Re: [tcpinc] Review of draft-bittau-tcpinc-tcpeno-01

David Mazieres <> Tue, 25 August 2015 14:27 UTC

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From: David Mazieres <>
To: Stephen Farrell <>, Stephen Kent <>,
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Date: Tue, 25 Aug 2015 07:27:17 -0700
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Subject: Re: [tcpinc] Review of draft-bittau-tcpinc-tcpeno-01
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Stephen Farrell <> writes:

>>> It is not at all clear to me that that'd be a good plan. I think
>>> the gross-hack that it may one-day open up is unlikely to be worth
>>> it, and negotiating once is bad enough so it'd seem like a bad
>>> plan to do it twice, which I think would be the inevitable outcome.
>> Sorry, I can't reconcile the first and last sentence of that paragraph.
> If a mechanism defined in the TCP-ENO document "supported" ckiphersuite
> negotiation, but was not deployable (which seems like it'd be the case
> given attempts to squeeze in 32 bytes of DH public) then you'd end up
> having to support algorithm agility in-band anyway. Hence bad-plan +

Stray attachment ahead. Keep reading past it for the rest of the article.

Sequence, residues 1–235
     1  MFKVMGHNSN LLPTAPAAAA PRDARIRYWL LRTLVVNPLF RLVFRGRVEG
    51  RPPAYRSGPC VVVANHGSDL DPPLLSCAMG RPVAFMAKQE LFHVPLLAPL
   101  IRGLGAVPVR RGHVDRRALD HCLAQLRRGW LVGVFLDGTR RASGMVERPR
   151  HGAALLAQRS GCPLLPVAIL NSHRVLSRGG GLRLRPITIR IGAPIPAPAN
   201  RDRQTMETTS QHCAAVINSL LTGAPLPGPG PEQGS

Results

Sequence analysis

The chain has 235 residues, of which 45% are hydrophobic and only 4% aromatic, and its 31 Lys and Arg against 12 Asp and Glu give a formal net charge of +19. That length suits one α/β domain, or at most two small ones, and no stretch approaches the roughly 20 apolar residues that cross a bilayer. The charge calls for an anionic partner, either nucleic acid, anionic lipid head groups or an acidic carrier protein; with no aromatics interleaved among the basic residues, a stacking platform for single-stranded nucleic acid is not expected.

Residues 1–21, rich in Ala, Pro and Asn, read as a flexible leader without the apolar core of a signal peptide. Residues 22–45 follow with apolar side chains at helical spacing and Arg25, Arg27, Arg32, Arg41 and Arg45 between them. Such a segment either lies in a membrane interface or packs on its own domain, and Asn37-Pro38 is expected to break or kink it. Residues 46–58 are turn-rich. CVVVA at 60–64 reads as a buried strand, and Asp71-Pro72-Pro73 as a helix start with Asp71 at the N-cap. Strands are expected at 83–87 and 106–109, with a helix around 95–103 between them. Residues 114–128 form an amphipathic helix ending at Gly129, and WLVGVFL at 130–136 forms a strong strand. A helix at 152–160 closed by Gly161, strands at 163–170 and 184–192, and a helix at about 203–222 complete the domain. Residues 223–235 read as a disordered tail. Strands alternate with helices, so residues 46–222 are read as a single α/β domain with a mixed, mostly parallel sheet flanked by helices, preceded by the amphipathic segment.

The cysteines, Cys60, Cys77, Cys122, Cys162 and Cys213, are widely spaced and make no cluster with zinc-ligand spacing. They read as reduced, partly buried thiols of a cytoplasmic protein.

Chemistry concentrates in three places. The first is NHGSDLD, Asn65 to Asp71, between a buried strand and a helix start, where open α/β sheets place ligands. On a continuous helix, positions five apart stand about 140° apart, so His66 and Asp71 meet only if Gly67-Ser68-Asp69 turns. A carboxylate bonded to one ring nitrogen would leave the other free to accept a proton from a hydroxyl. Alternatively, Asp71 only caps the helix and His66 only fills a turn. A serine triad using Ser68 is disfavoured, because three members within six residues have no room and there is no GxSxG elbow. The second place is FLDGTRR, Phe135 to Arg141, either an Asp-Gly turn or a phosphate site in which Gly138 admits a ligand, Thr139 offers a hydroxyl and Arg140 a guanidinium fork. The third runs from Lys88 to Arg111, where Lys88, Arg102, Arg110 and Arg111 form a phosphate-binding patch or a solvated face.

> doing it twice.

I wish I hadn't conflated things.  What's not deployable today is
putting a DH key exchange into SYN segments.  The downside (in terms of
ruling out timestamp, MSS, etc.) is simply not realistic.  Of course,
that's the long-term dream, so I discussed it, but realistically it
cannot happen without large options, so let's just forget I ever
mentioned it.

What is eminently deployable is using TCP-ENO to negotiate a
ciphersuite.  E.g., you can agree to use curve25519 for ECDHE by the end
of the SYN exchange, and include a DH parameter in the first data
segment of a connection, after only one round trip.

As you say, we probably only need two or three ciphersuites in play at a
time, a primary and one in case the primary starts looking weak, and
maybe third to satisfy diversity of algorithm designers.  So there's no
reason ENO can't chose between these three.

>> We are currently rewriting tcpcrypt to consume three ENO suboptions, one
>> for P-256+AES-128, one for P-512+AES-256, and one for
>> Curve25519+Chacha/Poly1305.  Compared to the existing draft, this lets
>> us ditch PKCONF and pretty much everything except the DH parameters in
>> INIT1 and INIT2 messages.  We are also ditching RSA (which at this point
>> was there "just in case," because tcpcrypt had to be future compatible
>> with things other than DH, but now ENO frees us from worrying about
>> future compatibility).  The result is a much simpler document.
> I'll just repeat that I think that's a bad plan and you'd be
> better off not making such changes.

If you can elaborate on this, we would certainly appreciate it.  We
certainly can leave a second level of negotiation in tcpcrypt--that
would even be easier for us--but it will add pages to the RFC, so it
would help to understand why.